That's not to say all was great back then. We're all guilty of having rose tinted glasses. Back in the 1980s we had Thatcher, strikes, electricity blackouts. Oh joy. Threats to our economy were very real. Perhaps I notice the differences more now because of the impact it has on my lifestyle, my spending and my business.
The Government's Autumn Statement last week reminded me just how tense things are right now. Are you sitting tight and hoping to get through this one relatively unscathed? Because I certainly am.
I couldn't find a historical graph to show how prices have changed since I was a kid, but I did find one for 1999 . It's alarming to think that house prices have gone up 123% from just over £73,000 to almost £164,000. I was surprised to see the price of a McDonald's Big Mac has only risen by 9p, although I'm pretty sure the quality has dropped by considerably more. The last time I bought one I was sorely disappointed.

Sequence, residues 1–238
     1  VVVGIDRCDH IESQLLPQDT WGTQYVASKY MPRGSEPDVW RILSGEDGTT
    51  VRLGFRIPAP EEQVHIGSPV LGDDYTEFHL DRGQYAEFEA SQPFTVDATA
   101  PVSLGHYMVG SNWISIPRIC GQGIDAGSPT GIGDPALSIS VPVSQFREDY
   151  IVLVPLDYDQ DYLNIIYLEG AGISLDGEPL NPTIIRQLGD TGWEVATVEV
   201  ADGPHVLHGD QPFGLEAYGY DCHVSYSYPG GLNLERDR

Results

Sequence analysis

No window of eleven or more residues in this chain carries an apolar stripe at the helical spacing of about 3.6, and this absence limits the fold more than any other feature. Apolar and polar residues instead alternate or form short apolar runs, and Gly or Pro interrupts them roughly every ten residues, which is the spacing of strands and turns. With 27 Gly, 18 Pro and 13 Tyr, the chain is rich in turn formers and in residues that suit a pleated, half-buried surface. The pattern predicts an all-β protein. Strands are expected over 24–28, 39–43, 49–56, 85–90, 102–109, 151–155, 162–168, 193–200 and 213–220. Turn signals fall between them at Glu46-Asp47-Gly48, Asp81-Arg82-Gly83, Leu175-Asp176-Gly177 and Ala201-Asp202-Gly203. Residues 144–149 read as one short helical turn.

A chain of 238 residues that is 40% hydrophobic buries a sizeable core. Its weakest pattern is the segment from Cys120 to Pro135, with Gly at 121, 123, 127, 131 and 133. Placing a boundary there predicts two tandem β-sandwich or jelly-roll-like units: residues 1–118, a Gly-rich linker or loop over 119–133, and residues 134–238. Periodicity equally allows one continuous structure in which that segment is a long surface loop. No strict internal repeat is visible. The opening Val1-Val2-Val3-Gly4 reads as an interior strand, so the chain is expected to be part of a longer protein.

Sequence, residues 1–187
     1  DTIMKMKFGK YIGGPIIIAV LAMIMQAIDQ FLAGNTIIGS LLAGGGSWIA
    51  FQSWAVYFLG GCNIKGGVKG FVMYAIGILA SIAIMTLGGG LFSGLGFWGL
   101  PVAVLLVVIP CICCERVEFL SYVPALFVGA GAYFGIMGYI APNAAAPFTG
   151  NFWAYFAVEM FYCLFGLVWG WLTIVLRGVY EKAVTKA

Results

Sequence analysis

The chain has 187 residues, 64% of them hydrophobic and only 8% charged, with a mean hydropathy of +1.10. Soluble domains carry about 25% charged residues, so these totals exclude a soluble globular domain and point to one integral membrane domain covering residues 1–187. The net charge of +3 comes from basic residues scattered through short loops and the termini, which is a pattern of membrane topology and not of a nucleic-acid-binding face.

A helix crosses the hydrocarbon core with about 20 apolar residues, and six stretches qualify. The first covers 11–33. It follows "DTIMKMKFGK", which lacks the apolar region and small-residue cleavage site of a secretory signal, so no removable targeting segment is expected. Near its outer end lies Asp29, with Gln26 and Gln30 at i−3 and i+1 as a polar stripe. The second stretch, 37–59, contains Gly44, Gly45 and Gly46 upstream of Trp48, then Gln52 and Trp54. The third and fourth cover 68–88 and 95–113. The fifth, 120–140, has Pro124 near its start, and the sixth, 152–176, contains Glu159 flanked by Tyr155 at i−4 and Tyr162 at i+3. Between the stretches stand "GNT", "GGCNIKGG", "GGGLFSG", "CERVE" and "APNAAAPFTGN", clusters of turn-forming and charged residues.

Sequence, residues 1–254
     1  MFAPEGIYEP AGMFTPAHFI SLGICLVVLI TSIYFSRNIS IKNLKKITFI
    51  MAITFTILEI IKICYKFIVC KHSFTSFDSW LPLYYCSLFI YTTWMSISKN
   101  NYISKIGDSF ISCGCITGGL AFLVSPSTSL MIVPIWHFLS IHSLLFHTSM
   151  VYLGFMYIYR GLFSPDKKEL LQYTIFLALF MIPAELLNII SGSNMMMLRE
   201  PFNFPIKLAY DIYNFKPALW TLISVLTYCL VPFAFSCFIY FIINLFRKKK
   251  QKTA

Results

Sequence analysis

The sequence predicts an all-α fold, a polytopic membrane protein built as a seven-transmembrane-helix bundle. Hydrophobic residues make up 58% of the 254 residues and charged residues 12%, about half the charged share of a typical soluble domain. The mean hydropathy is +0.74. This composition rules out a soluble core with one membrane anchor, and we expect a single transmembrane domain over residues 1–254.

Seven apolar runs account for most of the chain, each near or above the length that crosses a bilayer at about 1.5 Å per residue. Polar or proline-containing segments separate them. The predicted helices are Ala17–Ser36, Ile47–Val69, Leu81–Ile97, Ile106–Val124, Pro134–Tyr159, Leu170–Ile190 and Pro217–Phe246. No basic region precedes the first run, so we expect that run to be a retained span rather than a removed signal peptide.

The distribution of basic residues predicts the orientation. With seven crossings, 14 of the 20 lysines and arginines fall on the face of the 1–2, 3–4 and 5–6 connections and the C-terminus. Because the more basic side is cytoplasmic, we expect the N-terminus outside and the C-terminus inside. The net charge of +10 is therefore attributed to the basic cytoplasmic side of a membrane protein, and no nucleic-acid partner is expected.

This article has a lot of other cool calculation tools for you get an idea just how much the value of money has altered over the years. I found another site for a comparison of price rises from 1960 to 2009. That's only 49 years. It may sound like a long time but a barbie doll has gone up 900% and a 20 pack of cigarettes 2,595%!
I have spotted a few personal benefits from the Autumn Statement though. Cash ISA allowances are going up - the only tax free savings you'll find here. Fuel duty is being held off (although the prices still go up and down at an alarming rate regardless) and of course the personal tax allowance goes up. Hello tax man - can't catch me!
It's not overly inspiring and it's not going to ease the recession but it doesn't look like I'm going to be any worse off even though on a day to day basis I'm not going to be any better off either. What I would like to see is a drop in gas and electricity costs and food prices. But I'm guessing that's just wishful thinking.